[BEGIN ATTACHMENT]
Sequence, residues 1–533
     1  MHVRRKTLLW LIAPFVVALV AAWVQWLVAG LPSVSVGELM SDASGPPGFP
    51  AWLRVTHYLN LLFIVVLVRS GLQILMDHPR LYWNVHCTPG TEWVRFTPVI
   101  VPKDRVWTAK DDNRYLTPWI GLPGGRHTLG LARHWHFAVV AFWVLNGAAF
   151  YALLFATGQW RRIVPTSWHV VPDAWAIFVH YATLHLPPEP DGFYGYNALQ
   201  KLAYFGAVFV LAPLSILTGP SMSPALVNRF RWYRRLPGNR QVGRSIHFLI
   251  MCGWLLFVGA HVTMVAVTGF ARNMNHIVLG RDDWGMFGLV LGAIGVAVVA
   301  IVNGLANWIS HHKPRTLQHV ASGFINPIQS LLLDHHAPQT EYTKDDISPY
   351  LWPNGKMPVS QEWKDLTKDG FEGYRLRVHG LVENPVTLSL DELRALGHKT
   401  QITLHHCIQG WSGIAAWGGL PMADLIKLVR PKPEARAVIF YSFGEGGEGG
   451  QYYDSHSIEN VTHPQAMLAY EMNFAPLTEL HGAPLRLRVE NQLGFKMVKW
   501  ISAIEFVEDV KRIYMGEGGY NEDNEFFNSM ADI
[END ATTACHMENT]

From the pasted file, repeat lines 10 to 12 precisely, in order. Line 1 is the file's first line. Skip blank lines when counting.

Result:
   401  QITLHHCIQG WSGIAAWGGL PMADLIKLVR PKPEARAVIF YSFGEGGEGG
   451  QYYDSHSIEN VTHPQAMLAY EMNFAPLTEL HGAPLRLRVE NQLGFKMVKW
   501  ISAIEFVEDV KRIYMGEGGY NEDNEFFNSM ADI